Having discussed the origin of the verbs smell (“The sense and essence of smell”) and feel (“Fingers feel, or feel free”), I thought that it might be worthwhile to touch on the etymology of see, hear, and taste. Touch, ultimately of onomatopoeic origin, has been mentioned, though briefly, in one of the earlier posts. I’ll begin the projected series with taste.

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Feeling fingers

This will be a story of both protagonists mentioned in the title: the verb feel and the noun finger. However, it may be more profitable to begin with finger. In the year 2000, Ari Hoptman brought out an article on the origin of this word (NOWELE 36, 77-91). Although missed by the later dictionaries, it contains not only an exhaustive survey of everything ever said about the etymology of finger but also a reasonable conjecture, differing from those he had found in his sources, both published and unpublished.

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Sweet (and sour)

The post on the origin of the word smell has been read by more people than any other in recent months. On the wave of this unexpected popularity, I decided to write an essay or two on related themes. If they arouse enough interest, I may continue in the same vein.

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The last shot at American Idioms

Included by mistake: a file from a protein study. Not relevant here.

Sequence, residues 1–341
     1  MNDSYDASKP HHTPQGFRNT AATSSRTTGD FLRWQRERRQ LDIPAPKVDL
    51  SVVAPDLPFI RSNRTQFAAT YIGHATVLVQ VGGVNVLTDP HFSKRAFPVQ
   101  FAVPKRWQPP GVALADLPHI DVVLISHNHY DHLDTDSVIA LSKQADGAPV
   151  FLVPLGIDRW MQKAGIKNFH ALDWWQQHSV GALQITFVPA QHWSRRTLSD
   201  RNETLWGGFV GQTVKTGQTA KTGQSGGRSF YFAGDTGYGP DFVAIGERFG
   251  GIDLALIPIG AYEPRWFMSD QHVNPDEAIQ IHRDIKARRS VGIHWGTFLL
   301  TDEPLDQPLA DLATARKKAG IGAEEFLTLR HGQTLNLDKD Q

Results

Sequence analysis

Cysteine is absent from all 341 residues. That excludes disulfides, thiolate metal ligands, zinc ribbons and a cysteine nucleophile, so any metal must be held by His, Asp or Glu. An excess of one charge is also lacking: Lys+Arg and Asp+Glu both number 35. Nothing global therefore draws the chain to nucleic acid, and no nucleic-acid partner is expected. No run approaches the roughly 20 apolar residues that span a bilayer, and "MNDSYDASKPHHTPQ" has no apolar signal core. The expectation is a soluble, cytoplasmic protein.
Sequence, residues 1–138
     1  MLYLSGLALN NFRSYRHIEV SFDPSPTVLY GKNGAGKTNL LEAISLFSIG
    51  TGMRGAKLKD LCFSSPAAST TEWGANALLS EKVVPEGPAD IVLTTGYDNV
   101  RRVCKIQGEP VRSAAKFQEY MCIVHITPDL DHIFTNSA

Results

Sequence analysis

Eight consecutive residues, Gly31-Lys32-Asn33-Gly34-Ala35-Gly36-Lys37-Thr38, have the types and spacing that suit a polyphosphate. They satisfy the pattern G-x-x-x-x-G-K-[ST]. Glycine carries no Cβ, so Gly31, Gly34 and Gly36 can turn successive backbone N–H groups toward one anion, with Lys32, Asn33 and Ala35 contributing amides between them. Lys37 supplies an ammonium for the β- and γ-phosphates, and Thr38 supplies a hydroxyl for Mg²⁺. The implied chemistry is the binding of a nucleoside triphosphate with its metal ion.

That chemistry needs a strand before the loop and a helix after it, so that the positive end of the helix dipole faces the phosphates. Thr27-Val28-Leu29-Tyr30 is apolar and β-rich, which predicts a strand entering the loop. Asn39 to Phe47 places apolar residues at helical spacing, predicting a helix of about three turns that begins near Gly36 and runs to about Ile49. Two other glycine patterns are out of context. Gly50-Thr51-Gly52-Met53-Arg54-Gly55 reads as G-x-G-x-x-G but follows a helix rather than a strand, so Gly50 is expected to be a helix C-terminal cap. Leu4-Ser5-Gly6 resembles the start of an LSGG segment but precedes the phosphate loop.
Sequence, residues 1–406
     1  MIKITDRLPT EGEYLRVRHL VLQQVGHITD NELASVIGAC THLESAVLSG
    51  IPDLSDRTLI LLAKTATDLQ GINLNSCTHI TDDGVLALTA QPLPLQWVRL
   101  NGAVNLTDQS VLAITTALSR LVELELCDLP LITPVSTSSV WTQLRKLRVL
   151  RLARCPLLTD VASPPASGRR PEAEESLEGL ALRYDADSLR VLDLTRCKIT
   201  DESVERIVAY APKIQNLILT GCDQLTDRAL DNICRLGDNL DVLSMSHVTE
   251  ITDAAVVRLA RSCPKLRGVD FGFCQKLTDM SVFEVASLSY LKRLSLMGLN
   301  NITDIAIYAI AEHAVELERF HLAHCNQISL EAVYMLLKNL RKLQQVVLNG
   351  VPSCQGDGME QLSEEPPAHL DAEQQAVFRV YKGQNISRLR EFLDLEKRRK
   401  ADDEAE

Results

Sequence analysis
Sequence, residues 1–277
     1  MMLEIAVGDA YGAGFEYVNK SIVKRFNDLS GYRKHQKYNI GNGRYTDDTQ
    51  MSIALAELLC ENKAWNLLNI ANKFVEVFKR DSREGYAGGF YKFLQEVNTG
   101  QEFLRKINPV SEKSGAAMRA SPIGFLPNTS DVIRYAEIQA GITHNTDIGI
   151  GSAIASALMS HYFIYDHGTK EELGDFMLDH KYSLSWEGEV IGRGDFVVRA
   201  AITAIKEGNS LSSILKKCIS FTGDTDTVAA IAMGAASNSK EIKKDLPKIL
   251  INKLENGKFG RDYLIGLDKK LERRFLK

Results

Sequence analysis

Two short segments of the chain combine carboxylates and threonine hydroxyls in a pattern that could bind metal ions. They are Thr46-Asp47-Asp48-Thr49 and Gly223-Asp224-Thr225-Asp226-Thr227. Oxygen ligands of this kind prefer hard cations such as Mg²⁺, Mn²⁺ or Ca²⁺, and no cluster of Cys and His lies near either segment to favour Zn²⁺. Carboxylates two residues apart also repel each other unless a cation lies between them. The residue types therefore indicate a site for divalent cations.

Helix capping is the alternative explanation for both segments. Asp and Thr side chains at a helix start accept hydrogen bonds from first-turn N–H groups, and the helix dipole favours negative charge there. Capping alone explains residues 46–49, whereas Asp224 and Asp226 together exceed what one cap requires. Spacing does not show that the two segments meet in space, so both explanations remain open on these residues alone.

The use of metaphors is relatively late in the modern European languages; it is, in principle, a post-Renaissance phenomenon. The same holds for the idioms based on metaphors. No one in the days of Beowulf and perhaps even of Chaucer would have coined the phrase to lose one’s marbles “to become insane,” even if so long ago boys were as intent on collecting marbles as was Tom Sawyer.

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Enoch Powell and the rise of neo-liberalism

The Conservative politician Enoch Powell is best known for his outspoken opposition to immigration, but he also adopted distinctive positions on a range of other prominent issues in the post-1945 era. Indeed, he was the most prominent early exponent of neo-liberalism, the free-market perspective linking economic and political freedom in British politics. Yet there has […]

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Flatterers and bletherskites